A beloved Sansom Street building, once likened to a Spanish Renaissance hacienda, and formerly home to Rittenhouse Coffee Shop is set to be demolished and painstakingly reconstructed.
The building’s owner, Southern Land Company, had promised to preserve the 1904 Sansom St. landmark as part of a larger development project set to bring the most expensive condos in city history to market. But now the company says the historic structure is unstable and needs to be completely demolished in order for a functional building to rise on the site. The plan, company officials say, will honor an agreement to preserve the historic structure brokered during negotiations over the development of their $300 million dollar ultra-luxe tower, called the Laurel.
Southern Land says the reinvented coffee shop building will become apartments for people who were recently homeless.
Brian Emmons, Southern Land’s development manager, said the company has paid a preservation firm, Ascent Restoration, to laser scan, disassemble, and eventually reinstall the facade.
“There was no way for us to keep the facade in place while we build a new building,” Emmons said. “A local group, at the direction of the Historic Commission, has documented the existing condition of the building … We’re going to end up deconstructing it brick by brick, documenting it, cataloguing and reinstalling it later after the structure behind it has been built.”
The city’s Department of Licenses & Inspections issued Southern Land Co. a demolition permit on Monday, giving the official green light for the former coffee shop to be taken down.
The Sansom Street building began as housing in 1855 and later became the headquarters of the John A. Buchanan & Sons Publishers Company, an overhaul that lent the building its signature Spanish-style ornamentation and iron work. The building was transformed again in the 1960s into The Second Fret, a beatnik music venue that hosted James Taylor, Joni Mitchell, Arlo Guthrie and The Velvet Underground.
The building and several neighboring properties were later assembled into a large plot for a Philadelphia Parking Authority redevelopment project that never materialized. The three structures on the site eventually fell into disrepair.
By the 2010s, the sprawling tract was one of the last major buildable lots in Philadelphia’s toniest neighborhood. Southern Land’s project has been brewing for years. The company took possession of the property in 2015 for some $30 million and is working to build a nearly 100-unit residential tower that will feature penthouse condos priced at a record-breaking $25 million a unit.
Initially, Southern Land sought to demolish the trio of abandoned historic buildings, all of which were protected under the Rittenhouse-Fitler Historic District. But pressure from neighborhood groups and preservation advocates led the company to scale back these plans.
In 2017, the company made a financial hardship claim to demolish the 115-year-old Oliver H. Bair funeral home, while converting the former coffee shop and adjoining Warwick Apartment buildings into 32 affordable apartments for formerly homeless people.
“It is our absolute plan, you have my word, we will deed restrict and redevelop both the Rittenhouse Coffee Shop and the Warwick Apartment homes as low-income housing,” said Dustin Downey, one of Southern Land’s top executives, at the time. “I can guarantee you that we will save the buildings.”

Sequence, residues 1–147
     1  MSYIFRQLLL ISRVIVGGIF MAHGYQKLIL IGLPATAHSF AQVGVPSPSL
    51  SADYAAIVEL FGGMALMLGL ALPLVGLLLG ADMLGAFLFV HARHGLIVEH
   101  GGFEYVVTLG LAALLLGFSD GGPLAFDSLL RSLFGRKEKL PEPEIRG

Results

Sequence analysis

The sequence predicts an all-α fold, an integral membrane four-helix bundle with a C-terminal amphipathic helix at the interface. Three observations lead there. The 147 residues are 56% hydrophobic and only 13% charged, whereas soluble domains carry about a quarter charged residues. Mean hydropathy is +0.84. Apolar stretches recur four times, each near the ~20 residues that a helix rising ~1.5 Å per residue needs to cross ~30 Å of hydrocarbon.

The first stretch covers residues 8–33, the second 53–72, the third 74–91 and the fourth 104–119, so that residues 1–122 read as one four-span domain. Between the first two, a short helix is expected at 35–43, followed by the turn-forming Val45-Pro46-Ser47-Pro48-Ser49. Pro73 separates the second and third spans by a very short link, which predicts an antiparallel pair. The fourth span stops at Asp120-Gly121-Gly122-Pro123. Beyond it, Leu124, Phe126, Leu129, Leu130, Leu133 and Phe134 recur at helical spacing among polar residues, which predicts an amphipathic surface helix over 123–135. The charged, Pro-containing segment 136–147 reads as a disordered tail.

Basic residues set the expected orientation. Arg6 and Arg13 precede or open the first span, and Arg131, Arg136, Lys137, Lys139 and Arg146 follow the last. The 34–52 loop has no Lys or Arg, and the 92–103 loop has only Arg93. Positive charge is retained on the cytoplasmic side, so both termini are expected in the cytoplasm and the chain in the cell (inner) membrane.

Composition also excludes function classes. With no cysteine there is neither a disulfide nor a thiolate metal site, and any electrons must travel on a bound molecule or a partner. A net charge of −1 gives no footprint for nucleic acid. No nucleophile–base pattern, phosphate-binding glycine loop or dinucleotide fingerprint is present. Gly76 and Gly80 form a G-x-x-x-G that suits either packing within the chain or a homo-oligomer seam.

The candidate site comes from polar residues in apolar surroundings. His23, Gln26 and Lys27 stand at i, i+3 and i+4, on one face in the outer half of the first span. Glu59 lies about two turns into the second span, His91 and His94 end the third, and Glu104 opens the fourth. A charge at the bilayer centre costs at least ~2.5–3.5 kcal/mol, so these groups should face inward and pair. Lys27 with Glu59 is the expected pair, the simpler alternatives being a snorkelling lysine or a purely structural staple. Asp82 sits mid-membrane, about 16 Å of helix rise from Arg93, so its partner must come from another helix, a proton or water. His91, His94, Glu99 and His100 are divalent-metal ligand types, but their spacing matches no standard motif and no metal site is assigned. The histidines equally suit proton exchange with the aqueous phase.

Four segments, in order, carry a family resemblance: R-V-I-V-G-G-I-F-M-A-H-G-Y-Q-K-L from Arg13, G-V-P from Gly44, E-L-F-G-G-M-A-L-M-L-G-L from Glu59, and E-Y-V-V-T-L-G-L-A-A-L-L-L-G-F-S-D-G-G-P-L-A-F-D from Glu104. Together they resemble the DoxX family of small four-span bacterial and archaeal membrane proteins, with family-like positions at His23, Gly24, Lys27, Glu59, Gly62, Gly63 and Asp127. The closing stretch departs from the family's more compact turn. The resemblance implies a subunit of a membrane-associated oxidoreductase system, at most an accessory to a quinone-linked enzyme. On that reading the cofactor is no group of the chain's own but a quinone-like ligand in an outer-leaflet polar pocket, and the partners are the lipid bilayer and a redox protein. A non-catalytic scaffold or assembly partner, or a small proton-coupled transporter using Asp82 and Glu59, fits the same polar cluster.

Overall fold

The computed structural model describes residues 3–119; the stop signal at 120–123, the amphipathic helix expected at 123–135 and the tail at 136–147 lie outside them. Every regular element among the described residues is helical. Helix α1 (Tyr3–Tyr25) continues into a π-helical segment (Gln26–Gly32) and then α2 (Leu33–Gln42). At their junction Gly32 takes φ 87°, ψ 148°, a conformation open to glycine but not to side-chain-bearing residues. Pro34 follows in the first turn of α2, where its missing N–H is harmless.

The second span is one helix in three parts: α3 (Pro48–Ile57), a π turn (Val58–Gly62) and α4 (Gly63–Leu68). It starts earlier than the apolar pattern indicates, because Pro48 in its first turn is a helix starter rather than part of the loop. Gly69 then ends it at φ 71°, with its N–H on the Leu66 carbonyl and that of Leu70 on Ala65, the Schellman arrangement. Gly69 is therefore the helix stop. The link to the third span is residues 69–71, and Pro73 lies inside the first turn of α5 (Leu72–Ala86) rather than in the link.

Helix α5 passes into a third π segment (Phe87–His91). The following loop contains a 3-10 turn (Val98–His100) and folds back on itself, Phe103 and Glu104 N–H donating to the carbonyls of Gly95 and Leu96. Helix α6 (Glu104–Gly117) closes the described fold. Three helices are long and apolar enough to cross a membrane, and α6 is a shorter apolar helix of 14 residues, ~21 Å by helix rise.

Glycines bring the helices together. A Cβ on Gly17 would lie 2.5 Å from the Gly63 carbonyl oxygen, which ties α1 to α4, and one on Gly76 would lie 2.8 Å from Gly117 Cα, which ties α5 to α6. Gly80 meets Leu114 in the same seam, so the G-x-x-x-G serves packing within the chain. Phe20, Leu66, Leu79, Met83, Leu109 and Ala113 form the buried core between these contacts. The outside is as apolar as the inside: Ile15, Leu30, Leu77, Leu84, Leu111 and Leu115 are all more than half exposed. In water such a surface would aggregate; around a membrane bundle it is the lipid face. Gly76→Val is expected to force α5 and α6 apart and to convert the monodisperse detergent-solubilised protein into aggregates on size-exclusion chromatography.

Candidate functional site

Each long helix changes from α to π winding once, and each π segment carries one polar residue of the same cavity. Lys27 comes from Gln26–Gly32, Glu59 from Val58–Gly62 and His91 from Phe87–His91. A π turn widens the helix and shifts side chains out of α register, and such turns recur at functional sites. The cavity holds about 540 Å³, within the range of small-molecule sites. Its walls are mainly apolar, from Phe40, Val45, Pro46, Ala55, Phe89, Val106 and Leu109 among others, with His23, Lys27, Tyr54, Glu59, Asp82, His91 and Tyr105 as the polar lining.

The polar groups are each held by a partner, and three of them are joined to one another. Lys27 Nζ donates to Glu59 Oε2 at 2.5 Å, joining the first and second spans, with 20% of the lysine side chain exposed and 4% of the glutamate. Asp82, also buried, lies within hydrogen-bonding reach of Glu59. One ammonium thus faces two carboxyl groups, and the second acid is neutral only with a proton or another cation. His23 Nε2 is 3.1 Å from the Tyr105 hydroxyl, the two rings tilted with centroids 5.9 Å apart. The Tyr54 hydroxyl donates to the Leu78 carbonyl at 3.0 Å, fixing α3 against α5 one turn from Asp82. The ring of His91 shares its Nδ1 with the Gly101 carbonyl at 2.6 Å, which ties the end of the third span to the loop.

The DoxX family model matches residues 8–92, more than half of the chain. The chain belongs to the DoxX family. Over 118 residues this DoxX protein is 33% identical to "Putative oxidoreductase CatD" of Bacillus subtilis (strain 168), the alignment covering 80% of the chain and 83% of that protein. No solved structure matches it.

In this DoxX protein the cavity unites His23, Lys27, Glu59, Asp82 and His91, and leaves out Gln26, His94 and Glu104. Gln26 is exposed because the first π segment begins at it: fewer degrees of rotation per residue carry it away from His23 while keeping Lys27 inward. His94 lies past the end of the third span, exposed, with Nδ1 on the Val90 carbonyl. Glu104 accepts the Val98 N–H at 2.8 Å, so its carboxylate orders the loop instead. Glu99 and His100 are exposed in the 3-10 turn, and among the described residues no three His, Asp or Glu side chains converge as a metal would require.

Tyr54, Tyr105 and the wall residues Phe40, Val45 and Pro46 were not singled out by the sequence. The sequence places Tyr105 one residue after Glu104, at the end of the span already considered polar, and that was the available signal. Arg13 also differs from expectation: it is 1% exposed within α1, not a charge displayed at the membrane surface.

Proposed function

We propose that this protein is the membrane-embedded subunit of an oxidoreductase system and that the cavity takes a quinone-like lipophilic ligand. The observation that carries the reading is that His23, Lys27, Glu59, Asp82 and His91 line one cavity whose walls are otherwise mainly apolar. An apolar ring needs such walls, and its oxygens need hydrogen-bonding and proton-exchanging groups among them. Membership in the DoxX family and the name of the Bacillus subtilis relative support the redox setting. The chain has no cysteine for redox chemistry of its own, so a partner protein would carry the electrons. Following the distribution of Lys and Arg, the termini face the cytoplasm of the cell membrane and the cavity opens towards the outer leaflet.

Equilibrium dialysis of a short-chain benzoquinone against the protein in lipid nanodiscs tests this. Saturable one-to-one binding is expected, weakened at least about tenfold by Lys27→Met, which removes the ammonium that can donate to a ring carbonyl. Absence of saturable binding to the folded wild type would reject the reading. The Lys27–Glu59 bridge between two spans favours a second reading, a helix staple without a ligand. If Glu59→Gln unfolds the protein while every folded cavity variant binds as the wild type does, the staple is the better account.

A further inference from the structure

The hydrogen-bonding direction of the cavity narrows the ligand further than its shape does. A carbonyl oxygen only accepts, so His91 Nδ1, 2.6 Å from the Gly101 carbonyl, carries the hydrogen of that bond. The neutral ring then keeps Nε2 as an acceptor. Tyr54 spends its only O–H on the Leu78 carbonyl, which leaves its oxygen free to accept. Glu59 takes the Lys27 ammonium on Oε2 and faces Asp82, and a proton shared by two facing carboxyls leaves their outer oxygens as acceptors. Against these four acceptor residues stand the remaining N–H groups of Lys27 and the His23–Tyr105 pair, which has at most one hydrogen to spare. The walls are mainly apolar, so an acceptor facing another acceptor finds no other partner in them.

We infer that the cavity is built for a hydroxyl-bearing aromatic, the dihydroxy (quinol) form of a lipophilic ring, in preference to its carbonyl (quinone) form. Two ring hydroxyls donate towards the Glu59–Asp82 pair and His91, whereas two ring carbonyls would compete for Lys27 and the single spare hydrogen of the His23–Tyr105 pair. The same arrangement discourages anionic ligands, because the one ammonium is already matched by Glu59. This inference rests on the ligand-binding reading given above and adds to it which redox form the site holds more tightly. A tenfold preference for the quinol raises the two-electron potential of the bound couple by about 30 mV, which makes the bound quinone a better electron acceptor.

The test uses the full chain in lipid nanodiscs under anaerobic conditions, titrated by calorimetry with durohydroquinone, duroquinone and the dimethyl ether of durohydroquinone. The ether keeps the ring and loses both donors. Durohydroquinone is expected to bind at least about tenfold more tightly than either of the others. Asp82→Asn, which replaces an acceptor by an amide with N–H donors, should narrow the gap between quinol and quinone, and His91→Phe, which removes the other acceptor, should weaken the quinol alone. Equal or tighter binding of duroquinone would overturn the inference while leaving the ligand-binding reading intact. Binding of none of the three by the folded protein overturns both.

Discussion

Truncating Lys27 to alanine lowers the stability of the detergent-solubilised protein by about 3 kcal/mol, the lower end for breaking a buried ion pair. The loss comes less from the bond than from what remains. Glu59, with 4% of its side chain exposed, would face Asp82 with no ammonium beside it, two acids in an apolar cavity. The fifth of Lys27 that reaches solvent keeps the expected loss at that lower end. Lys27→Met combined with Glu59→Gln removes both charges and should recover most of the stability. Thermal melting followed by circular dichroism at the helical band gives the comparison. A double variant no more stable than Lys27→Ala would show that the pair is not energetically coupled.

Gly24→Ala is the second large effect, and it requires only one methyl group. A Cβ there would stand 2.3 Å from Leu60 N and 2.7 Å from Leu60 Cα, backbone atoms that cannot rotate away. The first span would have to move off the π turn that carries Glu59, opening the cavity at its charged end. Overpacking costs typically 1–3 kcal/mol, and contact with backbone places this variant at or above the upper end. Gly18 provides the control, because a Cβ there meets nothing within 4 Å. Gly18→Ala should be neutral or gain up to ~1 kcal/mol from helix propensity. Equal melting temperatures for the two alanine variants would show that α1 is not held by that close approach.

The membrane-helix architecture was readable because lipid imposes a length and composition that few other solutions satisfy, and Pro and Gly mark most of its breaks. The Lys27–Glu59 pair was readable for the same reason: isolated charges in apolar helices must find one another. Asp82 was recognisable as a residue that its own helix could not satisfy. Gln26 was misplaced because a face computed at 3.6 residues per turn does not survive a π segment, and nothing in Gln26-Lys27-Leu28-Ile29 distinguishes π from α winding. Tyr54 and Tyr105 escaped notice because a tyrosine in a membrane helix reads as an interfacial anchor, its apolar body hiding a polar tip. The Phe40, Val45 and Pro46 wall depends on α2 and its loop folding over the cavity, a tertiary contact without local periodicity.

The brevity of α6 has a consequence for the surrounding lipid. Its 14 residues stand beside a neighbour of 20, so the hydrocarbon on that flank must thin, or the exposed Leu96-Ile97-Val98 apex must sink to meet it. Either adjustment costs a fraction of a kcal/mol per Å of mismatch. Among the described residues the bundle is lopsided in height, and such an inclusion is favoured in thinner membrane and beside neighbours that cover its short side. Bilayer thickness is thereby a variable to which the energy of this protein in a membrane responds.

But Emmons said on Thursday that while those affordable housing plans were still on track, the company had never fully committed to restoring the totality of the coffee shop. He said their preservation plans had previously called for a “facadectomy” — a demolition that left the front facing walls standing during reconstruction — due to its poor interior conditions.
Paul Chrystie, a spokesperson for the Historic Commission, largely echoed Emmons’ description of the site conditions and spoke approvingly of the reconstruction plan.
“The dismantling and reconstruction was approved about a year ago. If one merely looks at that demo permit, one might wrongly get the impression that the building is being razed. It is not,” he said. “The building is being dismantled and then precisely reconstructed because of structural problems.”
Later engineering reports revealed the facade was too unstable to survive this process. While Emmons said the rebuilt facade would be an near-exact replica, he admitted that it was impossible to deconstruct the stucco work covering the majority of the exterior.
Preservationist Oscar Beisert viewed the move as another betrayal from a company he said was never interested in preserving the smaller structures on the site.
“They’re talking about completely leveling it and putting a new building there that looks a lot like the old building. So, on a block where three buildings were historically protected, there will soon be only one,” Beisert said. “[Southern Land] had to do a thorough analysis to get the hardship claim [for the funeral home] and you’re telling me they didn’t know at that time this building was unsalvageable? This is death by a thousand cuts.”
Emmons countered that the decision to perform manual disassembly and reconstruction at a cost “three to four times” greater than simply building a new facade was reflective of the company’s commitment to historic preservation.
“People will hear the word ‘demolition’ but they shouldn’t be concerned,” Emmons said. “There will be a historic consultant watching every move. It’s going to look exactly as it was intended to look.”
Construction on the affordable housing component of the project is set to begin imminently, with completion eyed for mid-2022. The 600-foot tall Laurel tower is also expected to finish construction in 2022.